The Stalker warns that the Zone is filled with traps. He and his two companions attempt to detonate any potential dangers by tossing small cloths tied to metal rings. For much of the Zone, the land is damp and murky, whilst chemical-filled waters grow impassible—too difficult to navigate. Much like the artist who is forced to navigate a world of social climbers, attention-seekers and corporate parasites, he will inevitably feel that he does not belong. ‘A man writes because he is tormented. Because he doubts,’ the Stalker says. ‘He needs to constantly prove himself…that he is worth something.’ Tarkovsky once said that he believed The Book of Revelation to be the most beautiful piece of writing ever written. Then, in a slow, child’s whisper, we hear the Biblical words accompany a long flow of imagery. We could be either above or below the waterline. (Are those trees reflected from above or are we witnessing them from below? Mechanical debris lingers from a bygone time.) Within the Zone, nature is indifferent and it contains its own form of beautiful. Much like looking at images following the 1986 Chernobyl disaster, amid the chemical disease, apples still grow from trees. This is the world without human intrusion.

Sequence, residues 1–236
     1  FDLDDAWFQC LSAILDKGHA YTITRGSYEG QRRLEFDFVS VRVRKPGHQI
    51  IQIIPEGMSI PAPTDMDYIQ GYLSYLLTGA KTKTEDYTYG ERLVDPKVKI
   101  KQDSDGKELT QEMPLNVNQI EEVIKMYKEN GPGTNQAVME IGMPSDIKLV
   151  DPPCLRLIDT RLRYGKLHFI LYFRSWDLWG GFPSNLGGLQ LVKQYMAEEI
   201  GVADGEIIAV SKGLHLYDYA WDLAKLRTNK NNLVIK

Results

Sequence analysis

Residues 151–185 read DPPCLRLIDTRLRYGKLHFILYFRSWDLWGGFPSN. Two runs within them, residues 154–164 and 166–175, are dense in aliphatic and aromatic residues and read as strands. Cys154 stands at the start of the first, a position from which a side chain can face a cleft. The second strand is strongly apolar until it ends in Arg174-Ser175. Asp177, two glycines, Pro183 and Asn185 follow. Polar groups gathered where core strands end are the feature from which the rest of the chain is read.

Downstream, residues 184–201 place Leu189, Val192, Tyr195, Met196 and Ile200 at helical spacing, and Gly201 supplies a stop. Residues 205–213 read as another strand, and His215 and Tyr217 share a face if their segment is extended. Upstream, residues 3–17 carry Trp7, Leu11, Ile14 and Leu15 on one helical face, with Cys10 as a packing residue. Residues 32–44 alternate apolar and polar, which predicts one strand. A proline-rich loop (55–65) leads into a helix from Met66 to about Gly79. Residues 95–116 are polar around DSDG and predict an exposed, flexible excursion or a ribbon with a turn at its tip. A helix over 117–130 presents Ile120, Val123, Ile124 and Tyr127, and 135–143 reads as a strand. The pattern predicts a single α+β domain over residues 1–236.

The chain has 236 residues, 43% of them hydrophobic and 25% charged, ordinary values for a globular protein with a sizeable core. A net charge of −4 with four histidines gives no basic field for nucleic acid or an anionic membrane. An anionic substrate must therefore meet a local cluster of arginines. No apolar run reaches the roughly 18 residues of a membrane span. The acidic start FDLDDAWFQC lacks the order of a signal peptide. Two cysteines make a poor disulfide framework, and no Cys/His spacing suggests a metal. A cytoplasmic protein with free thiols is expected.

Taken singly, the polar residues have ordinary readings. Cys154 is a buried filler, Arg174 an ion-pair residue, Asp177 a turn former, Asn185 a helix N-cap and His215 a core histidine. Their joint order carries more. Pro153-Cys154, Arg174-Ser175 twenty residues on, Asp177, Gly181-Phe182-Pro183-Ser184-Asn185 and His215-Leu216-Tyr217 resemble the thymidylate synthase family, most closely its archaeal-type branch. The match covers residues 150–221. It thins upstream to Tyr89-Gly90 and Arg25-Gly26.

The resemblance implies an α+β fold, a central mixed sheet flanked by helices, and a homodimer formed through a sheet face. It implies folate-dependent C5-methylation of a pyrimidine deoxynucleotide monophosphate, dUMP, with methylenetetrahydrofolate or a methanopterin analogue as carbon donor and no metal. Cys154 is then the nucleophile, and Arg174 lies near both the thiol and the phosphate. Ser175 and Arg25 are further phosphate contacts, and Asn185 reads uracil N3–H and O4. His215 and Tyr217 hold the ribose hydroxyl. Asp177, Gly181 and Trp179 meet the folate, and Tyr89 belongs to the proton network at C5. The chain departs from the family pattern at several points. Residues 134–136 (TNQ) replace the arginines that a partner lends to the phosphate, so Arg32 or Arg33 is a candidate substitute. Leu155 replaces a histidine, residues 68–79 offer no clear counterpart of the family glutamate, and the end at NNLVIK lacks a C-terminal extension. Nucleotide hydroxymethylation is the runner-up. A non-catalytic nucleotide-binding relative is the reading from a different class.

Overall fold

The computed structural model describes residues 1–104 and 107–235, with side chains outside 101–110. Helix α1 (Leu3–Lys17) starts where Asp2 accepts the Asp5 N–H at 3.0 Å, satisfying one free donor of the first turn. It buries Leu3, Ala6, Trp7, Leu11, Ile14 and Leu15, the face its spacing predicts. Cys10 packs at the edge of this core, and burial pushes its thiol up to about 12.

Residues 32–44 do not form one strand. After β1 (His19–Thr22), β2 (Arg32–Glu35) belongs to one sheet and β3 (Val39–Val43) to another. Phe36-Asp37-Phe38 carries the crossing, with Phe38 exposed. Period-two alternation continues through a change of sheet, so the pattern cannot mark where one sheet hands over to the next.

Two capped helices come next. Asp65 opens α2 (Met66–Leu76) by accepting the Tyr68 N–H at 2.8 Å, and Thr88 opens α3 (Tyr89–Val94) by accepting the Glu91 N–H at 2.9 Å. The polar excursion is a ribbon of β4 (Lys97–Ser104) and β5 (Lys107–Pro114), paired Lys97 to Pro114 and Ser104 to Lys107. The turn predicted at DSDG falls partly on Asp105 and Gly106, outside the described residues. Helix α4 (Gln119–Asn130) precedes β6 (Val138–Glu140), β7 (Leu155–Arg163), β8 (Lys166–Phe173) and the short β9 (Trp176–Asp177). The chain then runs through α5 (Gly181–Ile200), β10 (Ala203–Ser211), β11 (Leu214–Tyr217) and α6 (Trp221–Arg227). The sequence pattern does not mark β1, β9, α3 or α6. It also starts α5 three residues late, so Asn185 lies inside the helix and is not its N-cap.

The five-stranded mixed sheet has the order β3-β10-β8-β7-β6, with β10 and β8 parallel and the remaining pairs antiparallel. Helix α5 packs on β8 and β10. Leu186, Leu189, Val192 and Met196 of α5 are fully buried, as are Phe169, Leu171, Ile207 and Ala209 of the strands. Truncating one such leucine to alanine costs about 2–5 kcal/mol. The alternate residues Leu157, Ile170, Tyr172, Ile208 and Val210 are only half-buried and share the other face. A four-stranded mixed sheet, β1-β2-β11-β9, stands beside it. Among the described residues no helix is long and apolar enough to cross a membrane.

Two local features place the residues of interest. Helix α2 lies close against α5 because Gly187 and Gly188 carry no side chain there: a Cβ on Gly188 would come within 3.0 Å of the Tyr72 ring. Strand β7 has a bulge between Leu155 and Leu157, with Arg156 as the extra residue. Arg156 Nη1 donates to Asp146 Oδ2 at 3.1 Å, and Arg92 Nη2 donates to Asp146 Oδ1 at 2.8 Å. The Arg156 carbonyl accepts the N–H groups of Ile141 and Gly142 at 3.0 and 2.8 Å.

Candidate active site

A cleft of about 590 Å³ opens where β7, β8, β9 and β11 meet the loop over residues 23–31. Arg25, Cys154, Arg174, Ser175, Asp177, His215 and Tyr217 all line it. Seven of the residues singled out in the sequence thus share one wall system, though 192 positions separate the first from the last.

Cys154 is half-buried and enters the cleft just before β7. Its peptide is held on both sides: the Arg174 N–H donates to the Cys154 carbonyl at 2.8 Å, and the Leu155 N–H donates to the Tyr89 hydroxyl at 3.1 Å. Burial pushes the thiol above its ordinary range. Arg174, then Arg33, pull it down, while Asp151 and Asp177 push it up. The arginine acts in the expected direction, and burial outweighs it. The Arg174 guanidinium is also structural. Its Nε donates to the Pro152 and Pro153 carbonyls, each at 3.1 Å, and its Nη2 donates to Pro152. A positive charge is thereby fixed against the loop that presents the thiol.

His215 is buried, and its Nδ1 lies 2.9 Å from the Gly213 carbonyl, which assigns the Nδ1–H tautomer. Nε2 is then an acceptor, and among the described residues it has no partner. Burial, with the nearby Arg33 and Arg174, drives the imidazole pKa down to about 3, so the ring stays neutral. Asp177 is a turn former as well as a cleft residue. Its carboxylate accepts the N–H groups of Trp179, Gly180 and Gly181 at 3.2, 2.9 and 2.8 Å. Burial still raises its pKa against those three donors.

I sometimes wonder if humans are only as worthy as memory. As noted in Tarkovsky’s 1975 film Mirror, it is not what one remembers but how one remembers that matters. The men discuss a previous Stalker named Porcupine who led his brother through the Zone, which resulted in his brother’s death. Then, upon arriving at the Room, he was bestowed with a large sum of money (his secret wish) rather than bringing his brother back. Guilt ridden, this resulted in his suicide. An argument among the three men ensues, wherein the notion that the Room could be used for evil is addressed and does anyone know his secret desires? ‘Weakness is a great thing, and strength is nothing,’ the Stalker mentions. ‘When a man is just born, he is weak and flexible. When he dies, he is hard and insensitive. When a tree is growing, it’s tender and pliant. But when it’s dry and hard, it dies. Hardness and strength are death’s companions…’ Or in other words, to think one knows all the answers, that he is indestructible, is to become ossified both in body and mind.